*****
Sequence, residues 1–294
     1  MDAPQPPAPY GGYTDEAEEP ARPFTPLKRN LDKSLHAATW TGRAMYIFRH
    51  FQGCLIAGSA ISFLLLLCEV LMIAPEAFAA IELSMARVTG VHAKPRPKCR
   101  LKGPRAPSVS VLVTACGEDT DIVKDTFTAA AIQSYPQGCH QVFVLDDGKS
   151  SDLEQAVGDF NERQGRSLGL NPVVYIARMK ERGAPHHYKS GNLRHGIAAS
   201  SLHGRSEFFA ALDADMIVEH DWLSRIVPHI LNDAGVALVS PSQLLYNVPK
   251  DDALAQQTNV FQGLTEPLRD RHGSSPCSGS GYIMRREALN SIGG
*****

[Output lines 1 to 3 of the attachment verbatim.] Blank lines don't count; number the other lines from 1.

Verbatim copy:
Sequence, residues 1–294
     1  MDAPQPPAPY GGYTDEAEEP ARPFTPLKRN LDKSLHAATW TGRAMYIFRH
    51  FQGCLIAGSA ISFLLLLCEV LMIAPEAFAA IELSMARVTG VHAKPRPKCR